Where do we go when we die? What is the Christian teaching on life after death? I think many of people would respond with something like the lyrics of a song from one of my favourite bands, The Who:
On top of the sky is a place where you go if you’ve done nothing wrong
If you’ve done nothing wrong
And down in the ground is a place where you go if you’ve been a bad boy
If you’ve been a bad boy
Why can’t we have eternal life And never die, Never die?
In the place up above you grow feather wings and you fly round and round
With a harp singing hymns
And down in the ground you grow horns and a tail and you carry a fork
And burn away
Why can’t we have eternal life, And never die, Never die?
The idea is commonly held that Christians believe that a soul goes straight to heaven or to hell upon death, but is that accurate? Furthermore, you will often hear people speaking of their loved ones watching over them from heaven and while I can see how that thought might be comforting, I can also see how it can be quite creepy too! In fact the idea of a soul being released from our bodies to go somewhere after death owes more to a pagan Greek way of thinking than Biblical Jewish and Christian ones. We should note well that the early Christians were not going around saying things like “good news, we have discovered that our souls are immortal,” but rather “good news, Jesus is risen from the dead, and he is the first, we will be raised from the dead also.”
So what happens to the Christian upon death? Where do we wait for the resurrection and what will we be doing during that time? There are certain Biblical teachings that are like anchors for our theology, they are very clear, easy to get, hard to get wrong, and they are doctrines that will typically show up across denominations. However, if you have ever been in a boat at anchor you will know that it is possible to do a 360 degree circle about the anchor, and if you were to sit looking straight ahead you will end up with a different view depending on where you are pointing. Some teachings are like that there being different ways of looking at things, and indeed some churches are born out of making too much of them. The important thing for the Christian is to set the anchors deep within our hearts and minds while being open to taking a swing around to see things from different viewpoints.
For the future of the Christian upon death, the resurrection is the anchor. Jesus rose from the dead, so shall we. This is not the same as teaching that the soul is immortal, as the Greeks did, but is the belief that one must be ‘clothed’ with immortality and life (see 1 Corinthians 15:53; 2nd Corinthians 5:1-3).
With that anchor in mind, here are some viewpoints that have been put forward:
- Some put forward the concept of purgatory, a place, or better a state of “getting better” for want of a more technical description. Most people who take this view are looking through pretty thick lenses of tradition, and there really is not much in the Bible itself to commend it.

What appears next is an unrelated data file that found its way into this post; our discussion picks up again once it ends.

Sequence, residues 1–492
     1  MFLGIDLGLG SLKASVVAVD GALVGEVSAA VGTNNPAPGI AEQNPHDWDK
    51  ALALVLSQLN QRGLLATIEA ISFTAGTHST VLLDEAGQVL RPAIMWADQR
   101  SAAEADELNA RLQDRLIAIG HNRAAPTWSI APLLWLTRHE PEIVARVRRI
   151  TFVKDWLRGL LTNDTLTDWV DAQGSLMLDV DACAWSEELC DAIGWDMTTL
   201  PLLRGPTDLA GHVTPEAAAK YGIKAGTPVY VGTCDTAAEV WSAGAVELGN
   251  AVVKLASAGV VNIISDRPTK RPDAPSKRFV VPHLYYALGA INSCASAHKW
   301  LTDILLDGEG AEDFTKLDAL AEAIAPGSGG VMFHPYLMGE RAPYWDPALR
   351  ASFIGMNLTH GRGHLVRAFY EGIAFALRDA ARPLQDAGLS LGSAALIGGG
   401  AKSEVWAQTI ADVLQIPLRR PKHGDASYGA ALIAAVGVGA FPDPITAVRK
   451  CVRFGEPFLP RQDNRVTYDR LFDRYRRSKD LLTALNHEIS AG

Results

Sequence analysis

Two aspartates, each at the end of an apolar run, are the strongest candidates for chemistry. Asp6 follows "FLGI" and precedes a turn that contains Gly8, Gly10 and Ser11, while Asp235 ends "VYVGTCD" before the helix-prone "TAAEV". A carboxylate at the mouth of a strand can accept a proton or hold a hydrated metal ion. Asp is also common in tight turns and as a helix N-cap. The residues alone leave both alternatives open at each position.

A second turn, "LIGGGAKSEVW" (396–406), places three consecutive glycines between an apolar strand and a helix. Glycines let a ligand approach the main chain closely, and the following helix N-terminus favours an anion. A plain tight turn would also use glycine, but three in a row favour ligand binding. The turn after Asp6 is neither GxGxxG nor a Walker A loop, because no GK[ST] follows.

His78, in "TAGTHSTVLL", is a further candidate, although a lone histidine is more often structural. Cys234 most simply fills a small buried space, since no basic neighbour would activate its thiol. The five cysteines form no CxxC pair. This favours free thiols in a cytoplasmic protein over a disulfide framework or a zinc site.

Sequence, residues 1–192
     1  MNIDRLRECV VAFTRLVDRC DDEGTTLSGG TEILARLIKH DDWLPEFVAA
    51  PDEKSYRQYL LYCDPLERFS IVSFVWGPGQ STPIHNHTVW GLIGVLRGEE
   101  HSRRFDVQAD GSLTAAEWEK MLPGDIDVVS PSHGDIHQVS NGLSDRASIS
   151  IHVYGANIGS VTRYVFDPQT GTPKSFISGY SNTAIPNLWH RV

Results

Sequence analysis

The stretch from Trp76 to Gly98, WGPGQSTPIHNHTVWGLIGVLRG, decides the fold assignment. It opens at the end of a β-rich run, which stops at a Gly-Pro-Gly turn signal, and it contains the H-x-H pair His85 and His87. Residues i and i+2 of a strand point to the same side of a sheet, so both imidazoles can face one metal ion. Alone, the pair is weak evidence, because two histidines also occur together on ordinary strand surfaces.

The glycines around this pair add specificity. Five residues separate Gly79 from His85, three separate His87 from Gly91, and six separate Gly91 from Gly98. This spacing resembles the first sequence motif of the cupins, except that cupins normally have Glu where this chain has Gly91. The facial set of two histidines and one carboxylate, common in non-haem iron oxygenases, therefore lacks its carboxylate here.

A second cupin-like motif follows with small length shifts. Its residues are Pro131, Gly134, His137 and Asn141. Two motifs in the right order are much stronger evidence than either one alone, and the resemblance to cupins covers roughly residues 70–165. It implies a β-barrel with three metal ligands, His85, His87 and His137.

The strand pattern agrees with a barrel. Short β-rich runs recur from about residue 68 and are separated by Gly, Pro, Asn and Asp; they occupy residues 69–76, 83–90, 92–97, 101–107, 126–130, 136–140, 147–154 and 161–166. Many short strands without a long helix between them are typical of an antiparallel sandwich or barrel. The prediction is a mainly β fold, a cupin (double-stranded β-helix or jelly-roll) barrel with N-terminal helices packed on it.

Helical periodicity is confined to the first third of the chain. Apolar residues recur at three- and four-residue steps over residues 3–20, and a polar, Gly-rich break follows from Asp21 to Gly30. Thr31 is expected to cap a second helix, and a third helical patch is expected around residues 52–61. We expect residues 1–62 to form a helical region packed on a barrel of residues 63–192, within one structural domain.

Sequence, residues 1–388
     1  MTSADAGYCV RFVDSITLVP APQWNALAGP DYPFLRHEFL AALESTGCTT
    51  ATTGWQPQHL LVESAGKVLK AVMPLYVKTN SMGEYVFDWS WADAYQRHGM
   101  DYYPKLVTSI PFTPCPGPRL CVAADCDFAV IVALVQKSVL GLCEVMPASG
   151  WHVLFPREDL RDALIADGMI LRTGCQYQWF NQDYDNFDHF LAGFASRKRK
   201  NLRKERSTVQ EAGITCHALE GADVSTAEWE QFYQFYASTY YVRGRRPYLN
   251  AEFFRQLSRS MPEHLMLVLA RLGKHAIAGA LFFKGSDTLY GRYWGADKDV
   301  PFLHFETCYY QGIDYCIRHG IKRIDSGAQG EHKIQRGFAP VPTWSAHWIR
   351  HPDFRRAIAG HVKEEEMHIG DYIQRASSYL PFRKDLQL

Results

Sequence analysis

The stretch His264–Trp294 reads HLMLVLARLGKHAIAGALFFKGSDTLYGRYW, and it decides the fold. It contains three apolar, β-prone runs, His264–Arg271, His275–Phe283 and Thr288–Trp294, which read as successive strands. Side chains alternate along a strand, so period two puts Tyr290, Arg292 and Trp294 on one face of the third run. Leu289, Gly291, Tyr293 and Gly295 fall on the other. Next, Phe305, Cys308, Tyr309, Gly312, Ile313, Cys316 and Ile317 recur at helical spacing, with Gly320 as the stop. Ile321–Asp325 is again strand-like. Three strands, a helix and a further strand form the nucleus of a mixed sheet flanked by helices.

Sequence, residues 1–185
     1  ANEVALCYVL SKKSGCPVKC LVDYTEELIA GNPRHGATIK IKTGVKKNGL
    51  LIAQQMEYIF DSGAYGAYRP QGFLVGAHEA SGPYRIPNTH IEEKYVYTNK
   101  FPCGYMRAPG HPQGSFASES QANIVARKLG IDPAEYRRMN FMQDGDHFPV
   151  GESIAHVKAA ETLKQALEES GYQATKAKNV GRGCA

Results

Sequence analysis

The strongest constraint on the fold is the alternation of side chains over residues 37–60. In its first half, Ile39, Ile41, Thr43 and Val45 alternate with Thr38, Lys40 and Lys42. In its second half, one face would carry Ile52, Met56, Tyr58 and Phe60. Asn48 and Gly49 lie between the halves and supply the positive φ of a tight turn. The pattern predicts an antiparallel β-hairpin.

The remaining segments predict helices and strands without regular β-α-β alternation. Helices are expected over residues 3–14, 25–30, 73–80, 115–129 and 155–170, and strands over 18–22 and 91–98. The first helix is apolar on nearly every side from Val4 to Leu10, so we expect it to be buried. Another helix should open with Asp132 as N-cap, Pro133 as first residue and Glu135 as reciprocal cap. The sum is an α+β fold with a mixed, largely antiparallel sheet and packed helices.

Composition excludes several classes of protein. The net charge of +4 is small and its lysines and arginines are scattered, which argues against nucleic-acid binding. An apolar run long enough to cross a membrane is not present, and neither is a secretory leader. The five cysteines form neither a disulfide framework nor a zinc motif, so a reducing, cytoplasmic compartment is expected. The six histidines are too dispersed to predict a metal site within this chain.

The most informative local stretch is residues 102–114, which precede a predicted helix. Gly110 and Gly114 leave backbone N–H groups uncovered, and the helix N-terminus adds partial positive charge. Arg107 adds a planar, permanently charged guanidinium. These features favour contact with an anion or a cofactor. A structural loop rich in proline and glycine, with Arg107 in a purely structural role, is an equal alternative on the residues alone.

- Some put forward the idea of “soul sleep,” that is we will exist though we may not be conscious of anything. So upon death you will not know or experience anything until the resurrection. Some will point to the Biblical passages that speak of death as “falling asleep” such as in 1st Thessalonians 4:13-15. But this may just be a euphemism.
- Some put forward the idea of “soul death,” that is when you die, you really just are dead until the resurrection. Commending this view are passages such as we find in Psalm 6: “Turn, O LORD, save my life; deliver me for the sake of your steadfast love. For in death there is no remembrance of you; in Sheol who can give you praise?” (Psalm 6:4-5 NRSV) Here the Psalmist clearly believes that dead people are dead. So in this view also you will not experience anything between death and resurrection.
- Some might suggest that in death we take a “step out of time” so that while right now we can only think of the resurrection as happening at some point in the future, as disembodied souls with no experience of time we will experience the resurrection as immediate. Some will point to how God Himself is the creator of time and not subject to it as is alluded to in verses like 2 Peter 3:8: “But do not ignore this one fact, beloved, that with the Lord one day is like a thousand years, and a thousand years are like one day” (NRSV).
- The last view, and perhaps the most popular that we might look at is that at death we step into the full presence of God. We can point to verses like 2 Corinthians 5:6-8: “even though we know that while we are at home in the body we are away from the Lord . . . and we would rather be away from the body and at home with the Lord” (NRSV). Or we can think of the words of Jesus to the thief on the cross: “Truly I tell you, today you will be with me in Paradise” Luke 23:43 (NRSV).
Perhaps you will begin to wonder if I have the answer to this week’s question about what we will experience at death. To be honest I don’t! But I have two anchors to which I can hold onto, the first being the hope of resurrection, the second is this: The Lord is my shepherd. Whatever our experience between death and resurrection may turn out to be I know that the good shepherd will be with those who follow Him and will guide them each step of the way, “for the Lamb at the center of the throne will be their shepherd, and he will guide them to springs of the water of life, and God will wipe away every tear from their eyes.” Revelation 7:17 (NRSV)